What is a smart energy device?
Smart energy devices include solar PV systems, battery storage systems, smart air conditioners, smart pool pumps and larger equipment like smart building energy management systems.
What makes them smart is that they can help their owners to manage their electricity use. This help might include reducing consumption from the grid at peak times, cycling the pool pump or air conditioner to reduce consumption at peak times, switching the battery from charge to discharge to take advantage of higher prices, or using smart software to coordinate high-load appliance operations like dishwashers, dryers etc.
These same smarts, combined with communications capability, can also provide energy services that contribute to a more sustainable grid. A number of energy services can only be accessed through participation as part of an aggregated group. This is where smart fleets, virtual power plants and aggregators become important.
What is a smart fleet?
Like a fleet of cars, when considered as a group, smart devices can also be thought of as a ‘smart fleet’. A smart fleet is generally the same type of technology (eg. a smart residential battery fleet), if not the same product entirely (eg. inverter brand X’s residential battery fleet). Being part of a fleet suggests that there is an agent that has some ability to contact owners, coordinate their activities and/or respond on behalf of the entire fleet.
What is a virtual power plant, or ‘VPP’?
Similar to a smart fleet, a virtual power plant (commonly called a “VPP”) is a group of controllable devices that can be coordinated in a similar way to a power plant. Controllable devices can include smart batteries, smart solar PV, smart pool pumps, air conditioners all the way up to commercial generators and building energy management systems.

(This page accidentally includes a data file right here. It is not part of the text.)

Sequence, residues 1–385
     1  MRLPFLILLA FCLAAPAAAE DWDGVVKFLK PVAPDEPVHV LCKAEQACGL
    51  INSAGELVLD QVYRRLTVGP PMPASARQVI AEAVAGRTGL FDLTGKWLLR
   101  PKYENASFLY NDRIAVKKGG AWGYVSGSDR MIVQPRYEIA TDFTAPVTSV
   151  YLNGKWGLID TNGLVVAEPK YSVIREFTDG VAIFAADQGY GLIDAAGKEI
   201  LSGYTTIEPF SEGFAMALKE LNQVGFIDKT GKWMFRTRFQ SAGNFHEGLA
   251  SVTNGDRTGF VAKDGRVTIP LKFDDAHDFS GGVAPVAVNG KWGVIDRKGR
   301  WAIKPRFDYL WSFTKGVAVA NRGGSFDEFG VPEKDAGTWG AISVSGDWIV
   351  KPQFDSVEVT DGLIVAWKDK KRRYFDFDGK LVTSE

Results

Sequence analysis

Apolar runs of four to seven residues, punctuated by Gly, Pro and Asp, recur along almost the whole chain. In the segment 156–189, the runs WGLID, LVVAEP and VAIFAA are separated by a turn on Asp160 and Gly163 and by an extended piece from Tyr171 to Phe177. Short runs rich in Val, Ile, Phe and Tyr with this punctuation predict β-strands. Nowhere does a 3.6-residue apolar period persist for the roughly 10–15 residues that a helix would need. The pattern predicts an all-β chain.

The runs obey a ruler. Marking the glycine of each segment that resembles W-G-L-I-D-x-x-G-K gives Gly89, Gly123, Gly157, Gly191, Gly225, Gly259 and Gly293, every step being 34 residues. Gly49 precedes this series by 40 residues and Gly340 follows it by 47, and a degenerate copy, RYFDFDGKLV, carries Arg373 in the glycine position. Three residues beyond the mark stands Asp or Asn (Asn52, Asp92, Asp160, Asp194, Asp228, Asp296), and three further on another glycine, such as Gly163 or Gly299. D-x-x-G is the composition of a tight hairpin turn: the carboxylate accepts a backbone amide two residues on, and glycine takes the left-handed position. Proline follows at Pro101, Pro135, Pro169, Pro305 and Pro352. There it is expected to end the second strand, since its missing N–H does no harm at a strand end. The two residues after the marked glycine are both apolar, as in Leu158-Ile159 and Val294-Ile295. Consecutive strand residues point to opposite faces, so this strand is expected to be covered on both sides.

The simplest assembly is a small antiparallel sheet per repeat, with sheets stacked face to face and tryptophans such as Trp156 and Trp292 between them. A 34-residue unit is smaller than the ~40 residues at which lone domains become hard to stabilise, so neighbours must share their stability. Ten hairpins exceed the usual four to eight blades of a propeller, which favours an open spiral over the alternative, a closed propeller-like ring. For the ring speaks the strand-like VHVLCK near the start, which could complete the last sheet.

A VPP is virtual in that the group of devices are likely to include multiple types of technologies that vary in size (capacity), are geographically distributed but are all able to connect and communicate to a virtual platform where they are represented and can be called on to participate in energy or grid services. These calls to participate will happen in response to particular market conditions such as high prices, peak demand, low demand, frequency support etc.
In addition to the devices enrolled into this virtual power plant, a “VPP” will include:
- a VPP operator – a licenced market participant, such as an electricity retailer; and
- a VPP platform – a software layer where the group of assets are aggregated and represented in the software layer and can be coordinated by the VPP operator.
How do virtual power plants work for smart device owners?
Smart device owners can choose to join a VPP to access savings and additional value for the services that their devices can provide. By joining a VPP, homeowners can be rewarded for sharing access to their smart device with the VPP operator (the retailer) and for the times that their device provides services as part of the VPP.
What’s an aggregator?
An aggregator is a type of energy service provider who has permission to:
- manage the energy consumption of a group of customers, and/or
- manage energy generation on behalf of a group of customers by selling the excess electricity they produce on their behalf.
These activities can be done by retailers or independent aggregation businesses. Today, independent aggregation service providers are mainly active in the commercial and industrial customer scale. At the residential level, electricity retailers are more likely to provide services on behalf of their customers; provided they have the customer’s explicit informed consent.
Can an electricity retailer be an aggregator?
Yes. An electricity retailer can also undertake all the activities of an aggregator. Under Australia’s electricity rules for residential customers’ participation in market activities (including via VPPs), an electricity retailer must act as the agent for the customer.